67-year-old man completes SEMO Police Academy - KFVS12 News & Weather Cape Girardeau, Carbondale, Poplar Bluff

67-year-old man completes SEMO Police Academy

(Source: KFVS) (Source: KFVS)

This story brings a new meaning to teaching an old dog a new trick.

A 67-year-old man received his certificate Friday for completing a SEMO Police Academy. 

John Slayton served as a Marine, worked at an aluminum plant and now at the age where many choose to sit back and retire, he's hitting the streets as a police officer.

As Slayton got up to accept his certificate from the SEMO Police Academy, it showed a sign of new beginnings.

In January, Slayton was one of the 930 Noranda employees laid off after the aluminum plant closed its doors.

Slayton said he had no clue what was next.

"This is the end of the world," Slayton said. "I been laid off before I worked at Bunny Bread in Sikeston before it closed, so it wasn't a completely different feeling, but that doesn't mean it was pleasant."

However, Slayton said, what he DID know was that getting the pink slip from Noranda wasn't the end.

"I was at retirement age, so it wasn't the catastrophe for me as it was for everyone else, on the hand I wasn't ready to be done working," he said.

As an alderman of Canalou, Mo., Slayton said his village needed a law enforcement officer - and surprisingly at 67, he fit the bill.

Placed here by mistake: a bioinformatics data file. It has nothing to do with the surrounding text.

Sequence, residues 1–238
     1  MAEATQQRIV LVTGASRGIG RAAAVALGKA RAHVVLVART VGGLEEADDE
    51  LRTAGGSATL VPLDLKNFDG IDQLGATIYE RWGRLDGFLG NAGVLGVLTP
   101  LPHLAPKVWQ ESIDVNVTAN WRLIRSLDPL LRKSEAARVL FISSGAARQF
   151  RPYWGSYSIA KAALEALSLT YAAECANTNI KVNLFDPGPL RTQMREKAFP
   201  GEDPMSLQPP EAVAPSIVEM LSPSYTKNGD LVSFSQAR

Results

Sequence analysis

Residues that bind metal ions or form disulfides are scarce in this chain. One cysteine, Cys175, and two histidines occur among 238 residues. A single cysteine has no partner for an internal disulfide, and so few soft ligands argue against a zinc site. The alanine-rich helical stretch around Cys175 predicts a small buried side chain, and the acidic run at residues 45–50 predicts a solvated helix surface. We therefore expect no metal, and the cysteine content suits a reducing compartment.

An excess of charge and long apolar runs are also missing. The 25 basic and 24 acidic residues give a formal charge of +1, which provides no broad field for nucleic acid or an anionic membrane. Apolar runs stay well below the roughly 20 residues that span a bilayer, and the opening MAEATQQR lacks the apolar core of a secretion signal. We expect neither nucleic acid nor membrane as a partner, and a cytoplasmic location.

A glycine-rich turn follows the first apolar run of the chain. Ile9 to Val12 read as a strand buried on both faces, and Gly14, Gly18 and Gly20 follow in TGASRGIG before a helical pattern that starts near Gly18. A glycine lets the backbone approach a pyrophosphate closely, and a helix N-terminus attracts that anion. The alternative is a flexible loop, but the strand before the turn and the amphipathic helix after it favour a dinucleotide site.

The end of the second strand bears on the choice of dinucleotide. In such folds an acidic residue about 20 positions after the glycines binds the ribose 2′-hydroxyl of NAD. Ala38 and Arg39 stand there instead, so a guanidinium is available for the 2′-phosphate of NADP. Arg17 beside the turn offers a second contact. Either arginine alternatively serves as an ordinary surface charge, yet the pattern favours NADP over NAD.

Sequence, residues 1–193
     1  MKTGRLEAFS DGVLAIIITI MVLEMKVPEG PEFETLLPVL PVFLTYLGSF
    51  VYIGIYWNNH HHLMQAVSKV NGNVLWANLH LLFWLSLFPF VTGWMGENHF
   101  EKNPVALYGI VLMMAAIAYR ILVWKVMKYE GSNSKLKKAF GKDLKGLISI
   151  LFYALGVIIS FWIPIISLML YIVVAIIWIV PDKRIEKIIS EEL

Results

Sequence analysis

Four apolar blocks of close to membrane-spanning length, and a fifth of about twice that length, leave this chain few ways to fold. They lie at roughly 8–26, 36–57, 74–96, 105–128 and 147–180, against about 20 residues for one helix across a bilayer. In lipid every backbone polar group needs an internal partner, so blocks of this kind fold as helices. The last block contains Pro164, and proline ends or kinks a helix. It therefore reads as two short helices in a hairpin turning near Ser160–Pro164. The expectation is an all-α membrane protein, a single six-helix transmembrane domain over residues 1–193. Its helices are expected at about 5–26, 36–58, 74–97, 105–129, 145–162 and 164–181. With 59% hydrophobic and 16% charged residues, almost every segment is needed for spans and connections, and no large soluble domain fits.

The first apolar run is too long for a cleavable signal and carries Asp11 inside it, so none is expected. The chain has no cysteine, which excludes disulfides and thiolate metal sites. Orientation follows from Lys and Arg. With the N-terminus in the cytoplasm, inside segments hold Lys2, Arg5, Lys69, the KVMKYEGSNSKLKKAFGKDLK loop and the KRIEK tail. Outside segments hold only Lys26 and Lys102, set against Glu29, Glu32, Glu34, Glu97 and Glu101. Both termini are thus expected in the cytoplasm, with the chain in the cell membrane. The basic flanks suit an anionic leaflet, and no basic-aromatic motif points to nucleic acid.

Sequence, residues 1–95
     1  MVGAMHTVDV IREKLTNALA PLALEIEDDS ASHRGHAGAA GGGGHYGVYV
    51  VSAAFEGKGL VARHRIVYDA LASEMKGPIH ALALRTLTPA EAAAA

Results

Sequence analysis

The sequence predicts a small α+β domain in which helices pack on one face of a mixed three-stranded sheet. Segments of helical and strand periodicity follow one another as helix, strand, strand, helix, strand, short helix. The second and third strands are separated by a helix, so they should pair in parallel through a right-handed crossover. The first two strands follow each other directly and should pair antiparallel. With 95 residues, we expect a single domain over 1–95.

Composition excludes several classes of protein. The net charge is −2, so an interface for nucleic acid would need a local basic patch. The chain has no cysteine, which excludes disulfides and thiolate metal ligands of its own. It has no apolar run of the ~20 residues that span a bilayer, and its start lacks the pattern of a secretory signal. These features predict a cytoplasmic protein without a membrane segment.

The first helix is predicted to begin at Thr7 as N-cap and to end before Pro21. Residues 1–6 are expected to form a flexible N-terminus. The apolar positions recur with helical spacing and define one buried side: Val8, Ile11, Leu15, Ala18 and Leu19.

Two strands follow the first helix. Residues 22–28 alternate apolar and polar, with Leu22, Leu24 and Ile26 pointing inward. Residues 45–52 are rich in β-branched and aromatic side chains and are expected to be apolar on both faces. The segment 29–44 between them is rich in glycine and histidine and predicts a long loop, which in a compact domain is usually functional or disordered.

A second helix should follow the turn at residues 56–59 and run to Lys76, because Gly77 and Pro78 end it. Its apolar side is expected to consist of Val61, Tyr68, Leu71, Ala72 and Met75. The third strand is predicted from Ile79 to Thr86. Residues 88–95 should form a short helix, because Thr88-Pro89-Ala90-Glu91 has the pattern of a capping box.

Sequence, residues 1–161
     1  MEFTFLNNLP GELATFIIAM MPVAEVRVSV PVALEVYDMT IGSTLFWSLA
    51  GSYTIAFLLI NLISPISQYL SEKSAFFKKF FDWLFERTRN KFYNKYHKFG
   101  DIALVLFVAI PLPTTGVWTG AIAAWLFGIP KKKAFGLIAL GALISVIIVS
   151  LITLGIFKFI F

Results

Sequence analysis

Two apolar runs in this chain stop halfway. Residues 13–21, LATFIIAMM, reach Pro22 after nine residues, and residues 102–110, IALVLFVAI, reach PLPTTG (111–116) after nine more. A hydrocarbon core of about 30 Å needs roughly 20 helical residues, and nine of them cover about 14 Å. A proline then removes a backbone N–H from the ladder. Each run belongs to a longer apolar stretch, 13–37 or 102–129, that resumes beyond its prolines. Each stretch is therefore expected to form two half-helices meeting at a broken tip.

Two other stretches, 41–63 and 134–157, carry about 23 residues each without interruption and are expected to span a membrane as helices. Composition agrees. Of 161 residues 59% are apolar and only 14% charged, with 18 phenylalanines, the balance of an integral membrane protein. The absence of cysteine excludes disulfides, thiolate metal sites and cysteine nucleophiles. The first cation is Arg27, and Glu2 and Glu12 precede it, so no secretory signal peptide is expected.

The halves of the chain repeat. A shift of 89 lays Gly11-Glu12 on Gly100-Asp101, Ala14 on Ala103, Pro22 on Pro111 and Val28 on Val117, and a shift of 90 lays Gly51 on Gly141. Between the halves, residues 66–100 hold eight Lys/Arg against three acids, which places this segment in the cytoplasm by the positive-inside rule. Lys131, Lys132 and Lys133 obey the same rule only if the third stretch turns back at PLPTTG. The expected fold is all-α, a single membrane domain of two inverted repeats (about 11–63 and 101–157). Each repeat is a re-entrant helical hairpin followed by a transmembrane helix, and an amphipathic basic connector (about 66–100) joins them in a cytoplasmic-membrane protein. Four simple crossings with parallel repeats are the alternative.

Reluctantly, Slayton took the challenge and signed up for the SEMO Police Academy.

"What in the world am I doing here!" Slayton said was his reaction when he sat down in class on the first day.

"He asked me, he said, 'can someone my age do this?'," training coordinator Bobby Bollinger said. "And I said 'the only one that can answer that is you.'"

And Slayton did just that – becoming the oldest person to complete the 15-week academy with perfect attendance.

"I am in amazement," Bollinger said. "I am in awe of John, in just how well he did, not only academically, but physically."

Now, Slayton said he plans to be the best police officer he can be for his community.

"The main thing for me is the kids," he said. "I want to make the kids feel safe and cared about."

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